The M&D Bus Driver – ‘Striking A Blow For The Masses’
Here’s a couple for a footie trivia quiz. Question – what have Paulo di Canio, a 47-year-old supporter and the driver of the number 19 bus got in common? Answer – they’ve all decked the referee. Question – who is the odd one out? Answer – Paulo di Canio, the other two did it at Priestfield.
January 1961, and Gills were home to Oldham. It was a typical January day, damp and dark, and the pitch was an oozing mud patch. These days the game would probably have been called off. Gills were trailing 3-2 to a good side, and there were only a few minutes to go. With no floodlights it was getting really murky, but everyone could see a cracking equaliser from Gills right winger Fred Morris, and celebrated accordingly. But Mr Rowbottom, one of the most incompetent referees ever, saw something else – no-one knew what – and theatrically disallowed it. There was uproar. Players gathered round arguing and pointing – common now, but then very rare – but he would have none of it. The goal would not stand.
Then from just by the Gordon Road Stand, someone started running across the pitch. It was a well-known Maidstone and District bus driver, complete with his raincoat and badge. He ran up behind Rowbottom, and pushed him firmly in the back. The referee wasn’t prepared for it, fell flat on his face, and then skidded several yards in the thick Rainham End mud. The bus driver ran off, and was over the wall before the police could react. The crowd closed behind their new hero, with the police making little real attempt to catch him.
The cheers and roars of approval then turned back to boos and jeers as a mud-stained and humiliated referee attempted to get the game back on track and play out the last few minutes. Gills lost 3-2 and as the teams came off Rowbottom was pelted with apple-cores and orange peel and goalkeeper Johnny Simpson told the referee exactly what he thought of him. It was right out of character, but it showed how high feelings were running.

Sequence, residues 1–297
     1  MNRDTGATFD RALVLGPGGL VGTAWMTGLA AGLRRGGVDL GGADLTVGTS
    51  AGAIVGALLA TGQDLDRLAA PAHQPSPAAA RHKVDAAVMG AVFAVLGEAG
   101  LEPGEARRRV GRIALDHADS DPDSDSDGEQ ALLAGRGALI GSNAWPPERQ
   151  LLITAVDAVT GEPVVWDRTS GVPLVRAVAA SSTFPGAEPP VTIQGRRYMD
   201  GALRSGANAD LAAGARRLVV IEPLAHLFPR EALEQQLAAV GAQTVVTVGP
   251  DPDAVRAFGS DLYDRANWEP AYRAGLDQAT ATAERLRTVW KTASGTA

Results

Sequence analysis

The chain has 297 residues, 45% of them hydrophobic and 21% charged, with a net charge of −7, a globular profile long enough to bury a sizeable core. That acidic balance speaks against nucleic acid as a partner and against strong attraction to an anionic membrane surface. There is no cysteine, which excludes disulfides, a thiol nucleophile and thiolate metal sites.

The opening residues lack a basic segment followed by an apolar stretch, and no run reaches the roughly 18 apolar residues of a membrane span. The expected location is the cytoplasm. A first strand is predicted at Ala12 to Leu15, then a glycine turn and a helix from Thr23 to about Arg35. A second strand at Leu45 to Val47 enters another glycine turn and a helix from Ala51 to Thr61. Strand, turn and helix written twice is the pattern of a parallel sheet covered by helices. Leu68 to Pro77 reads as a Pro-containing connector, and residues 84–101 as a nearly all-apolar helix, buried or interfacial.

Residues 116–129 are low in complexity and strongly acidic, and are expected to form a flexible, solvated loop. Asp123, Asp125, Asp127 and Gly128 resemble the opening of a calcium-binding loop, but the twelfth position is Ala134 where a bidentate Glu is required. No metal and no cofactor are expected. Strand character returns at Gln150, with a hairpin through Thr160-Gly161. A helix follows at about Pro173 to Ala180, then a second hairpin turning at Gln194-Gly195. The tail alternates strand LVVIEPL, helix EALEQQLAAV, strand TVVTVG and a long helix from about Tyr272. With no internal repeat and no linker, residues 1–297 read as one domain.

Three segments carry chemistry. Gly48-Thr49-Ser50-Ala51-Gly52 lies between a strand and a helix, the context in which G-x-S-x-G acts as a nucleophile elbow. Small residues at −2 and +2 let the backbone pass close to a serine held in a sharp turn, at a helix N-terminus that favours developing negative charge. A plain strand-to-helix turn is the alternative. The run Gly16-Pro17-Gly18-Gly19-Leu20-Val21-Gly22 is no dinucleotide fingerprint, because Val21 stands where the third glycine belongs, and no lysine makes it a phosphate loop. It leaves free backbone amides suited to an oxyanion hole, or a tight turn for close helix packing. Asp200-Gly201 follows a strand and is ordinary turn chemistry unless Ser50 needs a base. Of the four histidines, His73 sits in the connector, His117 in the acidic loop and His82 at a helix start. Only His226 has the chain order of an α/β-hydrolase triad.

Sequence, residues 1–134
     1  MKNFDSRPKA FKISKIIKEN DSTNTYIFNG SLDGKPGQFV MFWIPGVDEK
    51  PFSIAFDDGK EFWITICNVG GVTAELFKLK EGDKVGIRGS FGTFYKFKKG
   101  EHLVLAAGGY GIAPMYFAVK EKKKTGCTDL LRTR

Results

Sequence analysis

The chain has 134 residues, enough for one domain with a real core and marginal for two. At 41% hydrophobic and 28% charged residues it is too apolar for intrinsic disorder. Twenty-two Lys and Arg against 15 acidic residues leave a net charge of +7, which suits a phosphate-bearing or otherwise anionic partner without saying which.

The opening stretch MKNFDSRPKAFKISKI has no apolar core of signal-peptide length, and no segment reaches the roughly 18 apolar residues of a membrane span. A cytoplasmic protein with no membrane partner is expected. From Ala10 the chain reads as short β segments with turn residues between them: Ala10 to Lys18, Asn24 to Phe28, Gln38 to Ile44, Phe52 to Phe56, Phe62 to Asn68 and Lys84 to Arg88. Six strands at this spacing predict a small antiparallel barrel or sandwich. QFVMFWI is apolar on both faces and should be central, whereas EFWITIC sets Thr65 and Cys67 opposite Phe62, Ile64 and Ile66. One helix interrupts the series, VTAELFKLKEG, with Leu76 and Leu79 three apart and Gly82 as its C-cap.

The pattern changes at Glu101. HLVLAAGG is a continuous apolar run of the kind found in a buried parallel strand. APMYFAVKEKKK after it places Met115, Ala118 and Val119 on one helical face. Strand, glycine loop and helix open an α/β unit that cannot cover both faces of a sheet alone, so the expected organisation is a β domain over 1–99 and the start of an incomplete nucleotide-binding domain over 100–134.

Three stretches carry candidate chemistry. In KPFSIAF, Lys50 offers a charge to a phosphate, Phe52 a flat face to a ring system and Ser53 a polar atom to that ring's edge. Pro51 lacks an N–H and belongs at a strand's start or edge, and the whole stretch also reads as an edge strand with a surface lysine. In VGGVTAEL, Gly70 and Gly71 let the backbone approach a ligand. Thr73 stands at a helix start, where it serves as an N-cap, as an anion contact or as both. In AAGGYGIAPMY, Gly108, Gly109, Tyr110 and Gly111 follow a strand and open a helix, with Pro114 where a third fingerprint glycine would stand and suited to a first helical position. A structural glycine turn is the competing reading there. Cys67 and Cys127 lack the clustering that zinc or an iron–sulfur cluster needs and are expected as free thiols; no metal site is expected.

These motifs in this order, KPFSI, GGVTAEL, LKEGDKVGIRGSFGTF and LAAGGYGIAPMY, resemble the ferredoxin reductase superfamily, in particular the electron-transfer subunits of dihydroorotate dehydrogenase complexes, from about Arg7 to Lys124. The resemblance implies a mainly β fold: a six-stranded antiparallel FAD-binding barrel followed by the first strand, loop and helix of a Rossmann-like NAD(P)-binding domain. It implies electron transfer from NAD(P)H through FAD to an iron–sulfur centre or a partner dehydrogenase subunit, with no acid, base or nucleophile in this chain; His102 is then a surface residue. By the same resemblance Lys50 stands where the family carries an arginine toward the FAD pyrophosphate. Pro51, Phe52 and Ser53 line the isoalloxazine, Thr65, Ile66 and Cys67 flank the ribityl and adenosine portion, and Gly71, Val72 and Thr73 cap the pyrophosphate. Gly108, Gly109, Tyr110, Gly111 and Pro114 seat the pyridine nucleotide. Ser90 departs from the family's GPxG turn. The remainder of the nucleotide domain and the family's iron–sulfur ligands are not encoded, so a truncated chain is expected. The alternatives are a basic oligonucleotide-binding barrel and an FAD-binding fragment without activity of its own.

Needless to say, the FA took an extremely dim view of the whole affair. There had been several recent incidents of crowd trouble, and Sheffield Wednesday and Millwall had warning notices posted. But someone really had to be made an example of, and sure enough it was Gillingham. In early March it was announced that Priestfield would be closed for 14 days, and Simpson would also be suspended for the same period. Gills could not play any home game within 10 miles, and so the game against Wrexham was to be staged at Stonebridge Road. That led to a further row, because some blazer at the FA got the AA book out and decided that Gillingham/Gravesend was not 10 miles. It was pointed out that the ground was actually in Northfleet, and qualified.
Gills lost the ‘home’ match 3-0. With Johnny Simpson suspended, and reserve keeper Alf Bentley out with a broken arm, policeman Terry Friday played in goal. Referee Rowbottom was a one season disaster area, coming close to another riot several weeks later at Brentford. The bus driver became a cult hero. There was always a buzz in the queue when his bus showed up. And the 47-year-old supporter mentioned in the trivia question above? Well, he decked the referee in a match against Swindon – but that’s a story for another day!